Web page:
Predictors of STEM Career Interest Among Middle School Students: Implications for Educational Reform, Policy, and Innovation
Gerald Knezek, University of North Texas, United States ; Rhonda Christensen, Institute for the Integration of Technology into Teaching and Learning, United States
EdMedia + Innovate Learning, in Amsterdam, Netherlands ISBN 978-1-939797-42-1 Publisher: Association for the Advancement of Computing in Education (AACE), Waynesville, NC
Pre-post matched pairs data were collected from 499 males and 416 females in grades six and seven during 2015-2016 from 24 classrooms in nine US states. Fourteen cognitive and non-cognitive indicators of content knowledge, attitudes toward climate change, STEM and other learning dispositions were assessed for treatment versus comparison group gains and best predictors of increases in STEM career interest. Finding were that significantly (p < .05) greater treatment versus comparison groups gains were confirmed for several content and attitude measures, along with meaningful (RSQ = .32) ability to predict gains in STEM career interest from linear combinations of other cognitive and non-cognitive variables. Treatment impacts were found to be greater for females than for males. Implications of these middle school level measurable differences in career trajectories regarding needs for educational reform, policy, and innovation are discussed.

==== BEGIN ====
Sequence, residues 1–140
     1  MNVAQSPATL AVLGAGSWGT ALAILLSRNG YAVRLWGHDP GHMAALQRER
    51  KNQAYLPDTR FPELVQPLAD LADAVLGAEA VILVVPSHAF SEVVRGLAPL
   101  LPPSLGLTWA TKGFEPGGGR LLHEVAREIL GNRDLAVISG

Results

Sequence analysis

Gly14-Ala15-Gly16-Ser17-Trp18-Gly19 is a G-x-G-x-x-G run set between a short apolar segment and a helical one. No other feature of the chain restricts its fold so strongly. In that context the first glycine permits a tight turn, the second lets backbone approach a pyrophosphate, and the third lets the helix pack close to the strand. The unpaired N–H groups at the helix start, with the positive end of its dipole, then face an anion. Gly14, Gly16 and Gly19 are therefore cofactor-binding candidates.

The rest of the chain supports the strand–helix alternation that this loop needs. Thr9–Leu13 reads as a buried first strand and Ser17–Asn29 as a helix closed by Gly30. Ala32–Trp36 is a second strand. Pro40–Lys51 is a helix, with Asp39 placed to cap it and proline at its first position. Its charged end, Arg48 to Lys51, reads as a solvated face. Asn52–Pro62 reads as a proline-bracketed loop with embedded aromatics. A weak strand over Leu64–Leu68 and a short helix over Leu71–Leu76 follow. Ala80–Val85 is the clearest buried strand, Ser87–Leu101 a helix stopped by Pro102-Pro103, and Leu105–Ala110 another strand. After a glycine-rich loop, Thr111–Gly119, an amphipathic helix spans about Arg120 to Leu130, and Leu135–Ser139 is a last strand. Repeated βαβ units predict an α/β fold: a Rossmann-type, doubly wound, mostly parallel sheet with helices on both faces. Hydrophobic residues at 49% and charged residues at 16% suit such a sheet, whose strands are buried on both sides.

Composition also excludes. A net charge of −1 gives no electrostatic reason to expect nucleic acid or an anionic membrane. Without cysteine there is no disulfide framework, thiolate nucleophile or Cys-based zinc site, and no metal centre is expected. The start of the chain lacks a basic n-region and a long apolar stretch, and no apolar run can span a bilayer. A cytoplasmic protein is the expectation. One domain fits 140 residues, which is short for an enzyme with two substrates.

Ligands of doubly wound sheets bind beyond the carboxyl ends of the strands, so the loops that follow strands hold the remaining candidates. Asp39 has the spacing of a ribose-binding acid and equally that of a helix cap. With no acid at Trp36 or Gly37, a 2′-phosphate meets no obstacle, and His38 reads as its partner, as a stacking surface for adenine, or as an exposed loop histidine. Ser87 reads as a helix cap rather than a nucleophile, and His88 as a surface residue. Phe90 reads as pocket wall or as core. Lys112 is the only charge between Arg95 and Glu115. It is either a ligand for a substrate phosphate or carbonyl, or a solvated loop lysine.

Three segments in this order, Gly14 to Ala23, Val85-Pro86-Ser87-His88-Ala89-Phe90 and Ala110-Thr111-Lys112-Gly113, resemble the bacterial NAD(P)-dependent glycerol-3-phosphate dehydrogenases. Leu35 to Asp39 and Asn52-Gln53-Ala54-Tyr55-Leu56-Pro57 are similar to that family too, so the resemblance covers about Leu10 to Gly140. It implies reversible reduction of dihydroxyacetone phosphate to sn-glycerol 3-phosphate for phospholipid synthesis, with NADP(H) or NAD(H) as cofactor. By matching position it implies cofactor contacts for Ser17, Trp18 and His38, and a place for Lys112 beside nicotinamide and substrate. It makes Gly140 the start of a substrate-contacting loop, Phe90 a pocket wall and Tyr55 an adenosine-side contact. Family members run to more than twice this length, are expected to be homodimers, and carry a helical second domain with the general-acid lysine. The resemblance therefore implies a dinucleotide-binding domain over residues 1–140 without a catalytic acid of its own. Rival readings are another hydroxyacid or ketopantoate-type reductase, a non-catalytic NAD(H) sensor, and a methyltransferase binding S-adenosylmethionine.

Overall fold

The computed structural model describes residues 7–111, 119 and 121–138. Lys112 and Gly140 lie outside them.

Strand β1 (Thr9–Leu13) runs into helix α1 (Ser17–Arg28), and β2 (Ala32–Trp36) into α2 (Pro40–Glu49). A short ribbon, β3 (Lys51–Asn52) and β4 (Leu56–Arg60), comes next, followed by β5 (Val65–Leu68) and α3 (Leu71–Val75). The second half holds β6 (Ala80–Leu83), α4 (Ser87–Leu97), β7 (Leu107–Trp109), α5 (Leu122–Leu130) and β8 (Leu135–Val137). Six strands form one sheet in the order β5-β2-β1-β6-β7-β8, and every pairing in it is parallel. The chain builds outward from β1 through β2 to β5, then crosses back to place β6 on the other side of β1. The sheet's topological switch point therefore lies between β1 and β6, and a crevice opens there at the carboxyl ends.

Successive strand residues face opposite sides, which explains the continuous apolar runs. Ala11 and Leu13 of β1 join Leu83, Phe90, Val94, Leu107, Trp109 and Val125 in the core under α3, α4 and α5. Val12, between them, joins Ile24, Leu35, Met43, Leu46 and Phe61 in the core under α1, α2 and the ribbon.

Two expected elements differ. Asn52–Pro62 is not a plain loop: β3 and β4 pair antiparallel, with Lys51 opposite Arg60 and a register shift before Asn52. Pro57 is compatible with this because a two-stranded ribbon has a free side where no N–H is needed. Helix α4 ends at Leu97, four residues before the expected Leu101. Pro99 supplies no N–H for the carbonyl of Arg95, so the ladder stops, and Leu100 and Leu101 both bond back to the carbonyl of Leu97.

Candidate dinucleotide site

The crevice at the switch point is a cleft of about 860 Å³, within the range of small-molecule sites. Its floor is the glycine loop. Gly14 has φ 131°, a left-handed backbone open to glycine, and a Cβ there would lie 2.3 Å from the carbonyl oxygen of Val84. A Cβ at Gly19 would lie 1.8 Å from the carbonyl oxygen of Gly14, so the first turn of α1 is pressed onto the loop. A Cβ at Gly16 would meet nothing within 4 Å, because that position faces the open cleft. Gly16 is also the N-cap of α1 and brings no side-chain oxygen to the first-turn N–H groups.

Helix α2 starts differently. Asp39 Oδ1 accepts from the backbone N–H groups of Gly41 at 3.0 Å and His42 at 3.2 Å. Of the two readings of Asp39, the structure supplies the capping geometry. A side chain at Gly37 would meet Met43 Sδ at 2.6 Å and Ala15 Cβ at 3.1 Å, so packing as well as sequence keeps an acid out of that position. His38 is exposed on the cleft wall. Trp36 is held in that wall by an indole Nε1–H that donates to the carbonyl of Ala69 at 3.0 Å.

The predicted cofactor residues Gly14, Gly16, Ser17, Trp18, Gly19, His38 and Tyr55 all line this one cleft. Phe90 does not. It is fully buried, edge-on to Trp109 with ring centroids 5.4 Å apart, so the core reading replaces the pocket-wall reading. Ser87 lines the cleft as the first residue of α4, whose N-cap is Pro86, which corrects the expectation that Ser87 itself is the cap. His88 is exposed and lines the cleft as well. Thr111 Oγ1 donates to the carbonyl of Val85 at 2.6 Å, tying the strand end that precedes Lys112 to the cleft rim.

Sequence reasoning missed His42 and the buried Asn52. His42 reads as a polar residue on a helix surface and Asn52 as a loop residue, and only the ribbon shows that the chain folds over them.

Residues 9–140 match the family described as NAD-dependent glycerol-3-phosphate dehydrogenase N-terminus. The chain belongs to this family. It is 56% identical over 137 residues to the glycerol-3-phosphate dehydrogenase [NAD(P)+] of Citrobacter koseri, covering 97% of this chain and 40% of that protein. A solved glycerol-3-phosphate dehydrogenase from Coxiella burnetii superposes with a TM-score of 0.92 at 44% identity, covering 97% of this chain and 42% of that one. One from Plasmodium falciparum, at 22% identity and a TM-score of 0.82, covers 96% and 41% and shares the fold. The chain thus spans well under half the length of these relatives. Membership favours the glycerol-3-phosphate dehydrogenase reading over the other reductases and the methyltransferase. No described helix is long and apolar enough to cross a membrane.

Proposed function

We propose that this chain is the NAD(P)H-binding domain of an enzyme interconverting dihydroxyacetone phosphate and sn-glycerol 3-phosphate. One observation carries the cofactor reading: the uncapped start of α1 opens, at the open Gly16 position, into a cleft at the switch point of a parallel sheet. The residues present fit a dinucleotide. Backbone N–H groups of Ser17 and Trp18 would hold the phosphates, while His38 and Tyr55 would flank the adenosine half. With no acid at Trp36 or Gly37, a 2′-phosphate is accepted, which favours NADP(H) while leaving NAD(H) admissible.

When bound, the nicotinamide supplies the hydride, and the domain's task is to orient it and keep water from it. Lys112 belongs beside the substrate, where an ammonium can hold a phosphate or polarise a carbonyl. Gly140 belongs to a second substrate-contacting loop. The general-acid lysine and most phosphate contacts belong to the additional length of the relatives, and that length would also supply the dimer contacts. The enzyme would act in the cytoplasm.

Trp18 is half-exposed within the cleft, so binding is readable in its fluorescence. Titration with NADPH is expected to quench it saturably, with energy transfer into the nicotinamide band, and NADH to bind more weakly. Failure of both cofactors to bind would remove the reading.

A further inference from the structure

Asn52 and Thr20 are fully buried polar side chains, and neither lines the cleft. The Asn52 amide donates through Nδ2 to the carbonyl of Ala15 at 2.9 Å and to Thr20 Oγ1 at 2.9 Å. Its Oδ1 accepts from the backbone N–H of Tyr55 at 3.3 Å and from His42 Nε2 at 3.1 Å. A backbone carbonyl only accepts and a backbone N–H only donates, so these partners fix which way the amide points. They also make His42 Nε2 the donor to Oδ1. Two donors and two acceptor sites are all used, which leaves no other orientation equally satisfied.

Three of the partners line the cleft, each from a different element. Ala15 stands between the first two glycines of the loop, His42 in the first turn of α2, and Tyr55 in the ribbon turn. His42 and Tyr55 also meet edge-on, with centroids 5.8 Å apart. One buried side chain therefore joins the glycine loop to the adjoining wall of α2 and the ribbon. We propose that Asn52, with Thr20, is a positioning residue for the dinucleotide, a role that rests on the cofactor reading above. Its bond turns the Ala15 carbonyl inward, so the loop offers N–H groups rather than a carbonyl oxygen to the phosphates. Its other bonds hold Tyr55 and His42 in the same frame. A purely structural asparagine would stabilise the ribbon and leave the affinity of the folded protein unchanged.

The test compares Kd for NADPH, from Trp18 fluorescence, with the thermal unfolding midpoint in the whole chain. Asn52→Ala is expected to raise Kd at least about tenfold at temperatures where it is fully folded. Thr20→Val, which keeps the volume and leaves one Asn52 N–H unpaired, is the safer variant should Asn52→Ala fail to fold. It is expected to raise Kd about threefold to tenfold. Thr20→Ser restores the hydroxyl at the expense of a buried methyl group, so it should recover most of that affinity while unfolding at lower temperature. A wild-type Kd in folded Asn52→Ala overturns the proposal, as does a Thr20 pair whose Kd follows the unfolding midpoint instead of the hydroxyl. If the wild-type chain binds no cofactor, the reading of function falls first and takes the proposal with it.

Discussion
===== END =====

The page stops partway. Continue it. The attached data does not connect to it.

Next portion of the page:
Knezek, G. & Christensen, R. (2019). Predictors of STEM Career Interest Among Middle School Students: Implications for Educational Reform, Policy, and Innovation. In J. Theo Bastiaens (Ed.), Proceedings of EdMedia + Innovate Learning (pp. 625-630). Amsterdam, Netherlands: Association for the Advancement of Computing in Education (AACE).
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